Fluoride And Your Teeth

Enamel the outer layer of the crown of a tooth is made of closely packed mineral crystals.

Enamel is a very important part of the tooth, it is a protective layer made up of very dense mineral crystals.  Everyday some enamel is lost due to a process called demineralization, this happens when plaque releases a acidic byproduct that harms the teeth.  Luckily your body naturally tries to fight back against demineralization and attempts to try to restore this destructive process.  This is done through minerals in the saliva, such as fluoride, calcium and phosphate, are deposited back into the enamel.

The reality is that your body probably will not be able to fully combat the effects of demineralization without some help.  Too much loss of minerals without enough replacement leads to tooth decay.  Fluoride helps in two ways.  When children drink fluoride in small doses, it enters the bloodstream and helps to build strong permanent teeth; also fluoride can strengthen teeth from the outside, when it comes into contact with the teeth.  When teeth are strengthened with fluoride, it makes it harder for the acids to erode the enamel of the teeth.

Treatments
Fluoride is all around us, it is in foods and used as a supplement in some drinking water.  This helps benefit the tooth development in people younger than 16.  Topical fluorides are also available in many dental tooth pastes or rinses.  While you are only using the fluoride for a short time, the elevated levels of fluoride levels last for hours after. When you go to the dentist professional fluoride treatments are given.  They are applied as a varnish, foam, or gel.  When the dentist applies fluoride to your teeth, it is in a much higher concentration than over-the-counter treatments. In certain cases special fluoride concentrations are prescribed to children who live in areas where fluoride is not added to the drinking water.  Normally these supplements will be given to children between the age of 6 months to 16 years old.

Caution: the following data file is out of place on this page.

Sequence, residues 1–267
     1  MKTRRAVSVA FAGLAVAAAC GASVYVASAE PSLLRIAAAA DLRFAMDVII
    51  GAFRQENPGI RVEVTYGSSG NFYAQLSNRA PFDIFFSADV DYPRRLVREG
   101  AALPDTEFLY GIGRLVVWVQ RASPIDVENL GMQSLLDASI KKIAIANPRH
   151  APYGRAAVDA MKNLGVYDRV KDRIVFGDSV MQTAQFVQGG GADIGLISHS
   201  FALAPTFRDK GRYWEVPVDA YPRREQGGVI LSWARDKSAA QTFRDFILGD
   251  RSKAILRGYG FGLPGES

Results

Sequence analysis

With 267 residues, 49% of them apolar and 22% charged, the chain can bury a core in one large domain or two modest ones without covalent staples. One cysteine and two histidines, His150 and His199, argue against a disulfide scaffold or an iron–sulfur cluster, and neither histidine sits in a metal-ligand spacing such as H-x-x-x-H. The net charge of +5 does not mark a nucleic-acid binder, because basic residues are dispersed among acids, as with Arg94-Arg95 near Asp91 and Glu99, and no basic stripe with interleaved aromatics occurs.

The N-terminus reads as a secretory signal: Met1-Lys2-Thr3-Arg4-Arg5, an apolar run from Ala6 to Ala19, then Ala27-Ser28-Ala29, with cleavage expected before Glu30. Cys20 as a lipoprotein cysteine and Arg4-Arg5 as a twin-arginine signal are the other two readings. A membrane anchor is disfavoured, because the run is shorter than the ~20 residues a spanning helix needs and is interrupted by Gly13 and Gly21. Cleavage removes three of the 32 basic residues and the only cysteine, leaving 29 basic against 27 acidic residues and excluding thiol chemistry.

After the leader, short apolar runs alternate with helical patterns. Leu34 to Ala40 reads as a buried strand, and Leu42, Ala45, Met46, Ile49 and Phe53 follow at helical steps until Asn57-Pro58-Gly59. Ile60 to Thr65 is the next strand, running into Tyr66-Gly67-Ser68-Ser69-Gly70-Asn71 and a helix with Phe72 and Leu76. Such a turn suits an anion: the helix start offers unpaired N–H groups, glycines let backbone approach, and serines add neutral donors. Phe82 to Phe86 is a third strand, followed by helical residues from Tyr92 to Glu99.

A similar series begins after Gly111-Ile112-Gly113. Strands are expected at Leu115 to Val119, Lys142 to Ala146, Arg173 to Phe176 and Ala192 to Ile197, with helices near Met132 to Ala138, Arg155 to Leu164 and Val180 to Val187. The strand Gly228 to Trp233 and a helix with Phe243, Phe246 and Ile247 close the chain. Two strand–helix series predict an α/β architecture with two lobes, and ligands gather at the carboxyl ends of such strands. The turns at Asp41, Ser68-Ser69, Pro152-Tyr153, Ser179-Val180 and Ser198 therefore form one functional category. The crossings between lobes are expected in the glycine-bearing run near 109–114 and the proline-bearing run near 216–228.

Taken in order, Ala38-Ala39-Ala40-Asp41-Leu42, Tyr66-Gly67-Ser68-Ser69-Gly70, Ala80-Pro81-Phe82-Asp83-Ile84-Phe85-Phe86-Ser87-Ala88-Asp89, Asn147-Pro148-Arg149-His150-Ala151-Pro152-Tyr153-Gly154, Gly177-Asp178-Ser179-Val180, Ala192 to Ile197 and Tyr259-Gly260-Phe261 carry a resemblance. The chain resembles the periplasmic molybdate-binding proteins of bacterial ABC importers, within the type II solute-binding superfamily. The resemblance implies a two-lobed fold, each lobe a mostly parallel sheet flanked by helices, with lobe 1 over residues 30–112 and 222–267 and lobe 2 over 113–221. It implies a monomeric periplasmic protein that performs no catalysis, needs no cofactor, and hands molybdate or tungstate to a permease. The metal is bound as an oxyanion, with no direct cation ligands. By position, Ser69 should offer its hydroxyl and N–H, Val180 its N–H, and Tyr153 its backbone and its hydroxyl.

Supplements
Fluoride supplements should be given if your drinking water is not fluorinated.   They are available in liquids and tablets.  Your dentist or your pediatrician will need to prescribe them to you.

Is it Harmful
Fluoride is safe if it is used in safe dosages, but in heavy dosages it can be harmful, so it is important to monitor the fluoride levels if you are using it in your home.  City water is constantly monitored to maintain save fluoride levels.

Does your child need space maintainers?

One of the primary purposes of a child’s “baby teeth” is to reserve space for the adult teeth growing underneath. Typically, baby teeth fall out once the adult tooth begins pushing its way through the surface and is ready to emerge. However, in some cases, children may have a baby tooth removed early if they get it knocked out in an accident or have it removed due to dental decay. When this happens, there is a chance that the tooth underneath is not yet ready to emerge, causing a gap to be present in the tooth line.

Unfortunately, some adult teeth do not grow in until the child is 12-14 years old, and your pediatrician may be concerned about later problems with the permanent teeth that could be caused by the gap. According to the American Academy of Pediatric Dentistry, when baby teeth are lost too soon, adjacent teeth may try to fill the space by tilting or drifting toward the gap. This is a problem because baby teeth often guide the permanent teeth into place, meaning a child may end up with a crowded or crooked smile once their adult teeth have emerged. To avoid this scenario, a pediatric dentist on your True Dental Discounts dental plan will likely suggest space maintainers. Space maintainers are made out of either metal or plastic and are custom-made to fit into a child’s mouth. The purpose of a space maintainer is to keep the gap left by a baby tooth open and to prevent movement of the other teeth. The American Academy of Pediatric Dentistry suggests that it is much easier to correct the problem in advance with space maintainers than to fix it afterward with extensive orthodontic treatment.

Once a child’s adult tooth has successfully emerged and taken its natural place, the space maintainer is removed. Until then, it is important that the child: avoids gum and sticky foods; keeps the space maintainer clean with regular brushing and flossing; does not pull or try to adjust the space maintainer; and continues visiting the dentist regularly. That way, your pediatric dentist can monitor the progress of the child’s tooth growth and ensure he or she has a beautiful – and permanent – smile!